They should've stayed home

Eurotrip probably could be worse. Hard to imagine how, though.

The saga of freshly commenced high-school grads carousing their way through Europe, it's cast with charisma-free actors, depends on originality-free humor and is suffused with bad taste that's supposed to be funny just because ... well, just because it's in such bad taste.


Har har.

Newcomer Scott Mechlowicz is Scott, a straight arrow who, in a moment of uncharacteristic brashness, jets off for Europe to find - and to profess his undying love for (and bed) - the luscious German pen-pal he's unwittingly dissed.


Accompanying him are his rapscallion bud Cooper (Jacob Pitts) and twins Jenny and Jamie (Michelle Trachtenberg and Travis Wester), whom they also know from school.

And so the wild and crazy American teens set off on a journey through Europe, where they offend the locals, get involved in sexual hi-jinx and party hearty.

OK, Eurotrip contains a few laughs, including a song ("Scotty Doesn't Know," performed by a crazed and nearly unrecognizable Matt Damon) about blissful ignorance and a funny gag about the exchange rate in Eastern Europe, where a dollar goes a long way. But most of the humor is both determinedly puerile and unfunny, performed by a generic cast (Pitts seems content to let his hair do the acting). The one exception is Trachtenberg (from TV's Buffy the Vampire Slayer), a vibrant young actress who spends most of the film looking embarrassed to be there. Smart girl.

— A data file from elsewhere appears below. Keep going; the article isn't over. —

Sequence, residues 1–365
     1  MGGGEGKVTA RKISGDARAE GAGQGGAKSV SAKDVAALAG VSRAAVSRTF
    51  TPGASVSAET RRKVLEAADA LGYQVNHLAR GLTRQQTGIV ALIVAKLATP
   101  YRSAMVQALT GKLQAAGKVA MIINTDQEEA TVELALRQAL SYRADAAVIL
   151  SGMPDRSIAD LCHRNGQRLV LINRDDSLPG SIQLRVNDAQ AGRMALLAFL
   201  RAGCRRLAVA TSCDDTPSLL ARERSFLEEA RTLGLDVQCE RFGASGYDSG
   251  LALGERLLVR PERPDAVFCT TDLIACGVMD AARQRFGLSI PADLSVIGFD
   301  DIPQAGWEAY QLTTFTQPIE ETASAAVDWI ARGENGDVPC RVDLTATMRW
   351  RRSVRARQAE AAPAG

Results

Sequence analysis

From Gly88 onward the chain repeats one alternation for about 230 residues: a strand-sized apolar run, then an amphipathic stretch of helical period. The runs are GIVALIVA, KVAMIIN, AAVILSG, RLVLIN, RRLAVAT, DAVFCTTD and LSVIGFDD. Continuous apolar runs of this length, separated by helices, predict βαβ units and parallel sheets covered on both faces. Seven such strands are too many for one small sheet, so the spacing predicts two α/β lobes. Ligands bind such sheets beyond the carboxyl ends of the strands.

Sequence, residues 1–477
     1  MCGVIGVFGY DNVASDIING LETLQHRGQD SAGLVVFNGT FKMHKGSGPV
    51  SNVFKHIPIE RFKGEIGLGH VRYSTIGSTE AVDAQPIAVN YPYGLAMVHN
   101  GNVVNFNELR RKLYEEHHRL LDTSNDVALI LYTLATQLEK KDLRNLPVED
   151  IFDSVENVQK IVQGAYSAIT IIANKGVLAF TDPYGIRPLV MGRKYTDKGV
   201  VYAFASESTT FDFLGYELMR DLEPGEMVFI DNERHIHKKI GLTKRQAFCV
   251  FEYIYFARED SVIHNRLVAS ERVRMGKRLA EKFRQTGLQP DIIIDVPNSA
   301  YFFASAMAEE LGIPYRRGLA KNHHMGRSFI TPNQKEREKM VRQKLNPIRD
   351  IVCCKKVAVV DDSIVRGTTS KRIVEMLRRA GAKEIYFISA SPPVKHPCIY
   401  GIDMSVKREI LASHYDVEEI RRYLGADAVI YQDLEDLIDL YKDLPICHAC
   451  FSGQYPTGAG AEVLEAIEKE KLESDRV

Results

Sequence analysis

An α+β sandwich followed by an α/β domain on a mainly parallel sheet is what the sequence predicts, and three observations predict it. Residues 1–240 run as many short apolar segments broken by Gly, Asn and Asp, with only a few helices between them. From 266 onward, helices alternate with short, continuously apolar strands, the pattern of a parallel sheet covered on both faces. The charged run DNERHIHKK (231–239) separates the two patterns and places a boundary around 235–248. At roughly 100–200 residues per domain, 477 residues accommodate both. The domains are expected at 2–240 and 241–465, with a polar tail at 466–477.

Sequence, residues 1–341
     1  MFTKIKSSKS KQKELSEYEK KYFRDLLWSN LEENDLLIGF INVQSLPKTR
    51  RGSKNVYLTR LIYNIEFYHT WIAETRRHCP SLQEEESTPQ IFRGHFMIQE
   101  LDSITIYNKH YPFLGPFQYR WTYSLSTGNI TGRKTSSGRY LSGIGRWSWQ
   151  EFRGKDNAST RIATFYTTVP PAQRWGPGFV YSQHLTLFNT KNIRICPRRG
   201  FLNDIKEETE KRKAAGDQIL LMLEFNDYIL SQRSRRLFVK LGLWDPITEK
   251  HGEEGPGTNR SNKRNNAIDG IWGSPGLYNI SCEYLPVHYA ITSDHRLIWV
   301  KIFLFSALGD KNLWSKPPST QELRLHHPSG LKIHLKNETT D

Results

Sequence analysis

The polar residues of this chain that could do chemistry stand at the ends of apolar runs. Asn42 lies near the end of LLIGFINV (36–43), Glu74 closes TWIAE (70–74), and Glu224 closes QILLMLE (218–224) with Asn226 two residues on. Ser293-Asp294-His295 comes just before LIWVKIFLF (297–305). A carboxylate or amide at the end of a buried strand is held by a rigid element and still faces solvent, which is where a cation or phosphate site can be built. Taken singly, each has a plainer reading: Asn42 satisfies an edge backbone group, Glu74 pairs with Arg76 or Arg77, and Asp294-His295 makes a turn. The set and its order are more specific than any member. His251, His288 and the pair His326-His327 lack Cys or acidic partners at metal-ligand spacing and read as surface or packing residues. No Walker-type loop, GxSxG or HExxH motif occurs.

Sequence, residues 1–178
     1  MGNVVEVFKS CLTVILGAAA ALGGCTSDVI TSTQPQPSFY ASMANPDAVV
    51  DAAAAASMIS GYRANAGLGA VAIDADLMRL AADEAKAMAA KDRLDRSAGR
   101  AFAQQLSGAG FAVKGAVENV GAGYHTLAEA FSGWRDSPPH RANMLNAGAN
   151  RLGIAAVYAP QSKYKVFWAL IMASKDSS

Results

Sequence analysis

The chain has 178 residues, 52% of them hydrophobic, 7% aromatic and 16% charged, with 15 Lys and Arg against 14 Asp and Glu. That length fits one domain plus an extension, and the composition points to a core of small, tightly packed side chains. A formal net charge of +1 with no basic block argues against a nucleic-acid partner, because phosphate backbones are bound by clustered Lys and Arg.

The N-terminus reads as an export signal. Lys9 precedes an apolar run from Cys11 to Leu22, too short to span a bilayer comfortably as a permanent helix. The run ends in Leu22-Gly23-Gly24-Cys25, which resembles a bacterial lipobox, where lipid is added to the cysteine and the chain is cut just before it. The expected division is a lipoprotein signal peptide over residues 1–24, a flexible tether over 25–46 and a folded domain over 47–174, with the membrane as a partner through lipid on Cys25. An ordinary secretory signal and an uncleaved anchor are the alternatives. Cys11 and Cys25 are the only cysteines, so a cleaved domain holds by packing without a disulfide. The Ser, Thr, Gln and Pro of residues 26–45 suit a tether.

Starring Scott Mechlowicz, Michelle Trachtenberg, Jacob Pitts

Directed by Jeff Schaffer

Released by Dreamworks SKG

Rated R (nudity, sexuality, language, teen-age drinking)


Time 90 minutes

Sun Score *